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Mentoring Youth Helps Prevent Bullying

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A young boy carrying a basketball is high-fiving an adult male carrying a clipboard on an outdoor basketball court.

Mentors can be protective factors for youth

Mentors are dependable adults that can help youth build trust, form new relationships and develop important skills. Mentors are role models for youth that exist outside of the family unit. Mentors can support youth to develop self-awareness, build skills to manage their stress, and learn how to recognize and regulate their emotions. Mentors may also notice changes in a child or teen that others don't see. Mentors can look for early warning signs of bullying, including decreased self-esteem, feeling helpless, self-destructive behaviors, and unexplained injuries.

Mentors can help youth process Adverse Childhood Experiences (ACEs)

Bullying is an Adverse Childhood Experience, or "ACE." ACEs are potentially traumatic experiences that can have lasting negative effects on a child's development, social skills, school performance, and overall mental health. Mentoring youth can help heal the effects of ACEs and reverse the negative effects on brain development and learning caused by trauma and toxic stress. Simple activities with a mentee like throwing a baseball can help to rebuild connections in the brain that may have been impacted by ACEs.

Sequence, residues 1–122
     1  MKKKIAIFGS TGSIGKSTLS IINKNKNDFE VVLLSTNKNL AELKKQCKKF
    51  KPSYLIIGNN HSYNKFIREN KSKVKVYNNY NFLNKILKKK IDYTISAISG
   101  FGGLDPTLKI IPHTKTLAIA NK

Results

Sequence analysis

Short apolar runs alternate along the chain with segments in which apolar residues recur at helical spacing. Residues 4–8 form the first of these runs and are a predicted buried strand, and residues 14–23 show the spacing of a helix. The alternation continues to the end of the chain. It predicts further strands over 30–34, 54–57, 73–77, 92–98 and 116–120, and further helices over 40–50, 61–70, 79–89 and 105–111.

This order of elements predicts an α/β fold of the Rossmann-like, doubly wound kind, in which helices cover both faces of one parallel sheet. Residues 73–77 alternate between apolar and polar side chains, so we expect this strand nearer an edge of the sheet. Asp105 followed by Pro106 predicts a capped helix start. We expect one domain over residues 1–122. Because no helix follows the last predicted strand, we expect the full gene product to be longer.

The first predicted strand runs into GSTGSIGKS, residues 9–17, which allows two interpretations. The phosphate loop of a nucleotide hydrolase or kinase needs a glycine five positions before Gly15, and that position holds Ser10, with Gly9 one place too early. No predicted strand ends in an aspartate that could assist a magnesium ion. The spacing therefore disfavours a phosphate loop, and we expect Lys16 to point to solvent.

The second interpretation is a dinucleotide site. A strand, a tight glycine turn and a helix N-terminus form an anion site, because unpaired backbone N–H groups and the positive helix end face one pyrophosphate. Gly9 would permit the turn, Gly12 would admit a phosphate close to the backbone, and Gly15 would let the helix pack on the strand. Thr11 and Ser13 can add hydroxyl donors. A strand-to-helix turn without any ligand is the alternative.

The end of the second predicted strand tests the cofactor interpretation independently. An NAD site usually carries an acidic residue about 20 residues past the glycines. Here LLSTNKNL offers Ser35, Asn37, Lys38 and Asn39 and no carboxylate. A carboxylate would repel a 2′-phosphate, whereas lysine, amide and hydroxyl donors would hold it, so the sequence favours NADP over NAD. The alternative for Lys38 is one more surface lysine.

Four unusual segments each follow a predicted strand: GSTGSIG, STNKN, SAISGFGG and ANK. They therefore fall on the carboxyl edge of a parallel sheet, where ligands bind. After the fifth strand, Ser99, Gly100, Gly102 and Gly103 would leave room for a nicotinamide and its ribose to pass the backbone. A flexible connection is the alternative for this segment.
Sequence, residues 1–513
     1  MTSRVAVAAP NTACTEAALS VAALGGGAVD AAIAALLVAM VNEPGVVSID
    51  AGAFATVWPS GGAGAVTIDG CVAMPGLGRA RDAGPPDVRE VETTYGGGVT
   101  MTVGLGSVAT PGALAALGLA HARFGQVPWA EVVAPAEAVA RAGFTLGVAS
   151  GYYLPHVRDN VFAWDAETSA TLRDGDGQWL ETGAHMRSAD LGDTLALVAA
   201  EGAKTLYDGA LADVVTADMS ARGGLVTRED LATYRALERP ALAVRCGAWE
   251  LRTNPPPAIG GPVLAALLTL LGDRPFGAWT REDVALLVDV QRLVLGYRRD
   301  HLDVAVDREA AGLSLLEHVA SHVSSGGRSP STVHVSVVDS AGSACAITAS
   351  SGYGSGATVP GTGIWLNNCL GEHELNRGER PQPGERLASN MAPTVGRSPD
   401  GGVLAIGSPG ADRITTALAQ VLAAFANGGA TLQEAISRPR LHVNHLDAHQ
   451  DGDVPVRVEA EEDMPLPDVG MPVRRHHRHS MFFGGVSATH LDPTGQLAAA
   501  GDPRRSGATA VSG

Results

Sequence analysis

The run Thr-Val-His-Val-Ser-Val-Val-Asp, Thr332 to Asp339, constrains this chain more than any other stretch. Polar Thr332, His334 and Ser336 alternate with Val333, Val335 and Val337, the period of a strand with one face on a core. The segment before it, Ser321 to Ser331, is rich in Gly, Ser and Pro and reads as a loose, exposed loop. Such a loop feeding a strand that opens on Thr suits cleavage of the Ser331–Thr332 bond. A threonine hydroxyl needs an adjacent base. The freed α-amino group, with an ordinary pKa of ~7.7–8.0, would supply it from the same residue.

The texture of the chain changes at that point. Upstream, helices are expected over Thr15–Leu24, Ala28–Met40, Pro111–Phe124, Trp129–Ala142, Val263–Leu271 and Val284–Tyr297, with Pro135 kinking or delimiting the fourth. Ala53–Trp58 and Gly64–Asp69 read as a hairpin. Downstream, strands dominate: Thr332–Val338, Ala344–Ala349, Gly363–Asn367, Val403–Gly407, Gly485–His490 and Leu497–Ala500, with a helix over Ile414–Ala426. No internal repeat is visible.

Mentors can create a sense of belonging

Mentors can help youth learn to celebrate and honor differences and foster a sense of inclusion. Youth who are perceived by their peers as different due to their size, height, race, ethnicity, religion, disability, mental health, or identifying or being perceived as LGBTQ are at higher-risk for bullying. Youth experiencing transitions, such as military connected youth coping with parental deployments, may struggle to develop close friendships. Mentors can help youth find a place where they feel welcome and safe.

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A young woman wearing a headscarf works on the computer and smiles with an adult woman as they sit on stairs outside.

Mentors can provide a safe space

Mentoring youth can let them know they are not alone. Mentors can demonstrate how to have positive relationships and recognize negative behavior, like bullying. They can also help youth find constructive and non-violent ways to interact with their peers, deal with stress, and handle conflict. Mentors can create physically and emotionally safe environments for youth by teaching and modeling kindness, empathy, and positive relationships. Something as simple as listening can help someone affected by bullying.

Mentors can help prevent bullying

Mentoring youth in an area of shared interest, such as arts or sports, provides opportunities for building positive relationships between the youth and the mentor. Coaches can promote an equal team atmosphere which focuses on responsibility, inclusion, team work, and sportsmanship.

How to connect youth with mentors

Youth can be connected to mentors through recreational activities at school and in community organizations, sports leagues, arts programs, clubs, peer, and faith-based groups. Some organizations offer programs that include academics, family engagement, culturally based youth leadership, LBTGQ groups, and one-on-one or group mentoring. Organizations provide mentors for youth, such as those who participated in our October 2019 Twitter Chat (Big Sisters, Big Brothers; Boys and Girls Clubs of America; Esperanza, Inc.; and MENTOR: The National Mentoring Partnership . Each program is unique and each organization's website provides detail. There may be other mentor programs in your community.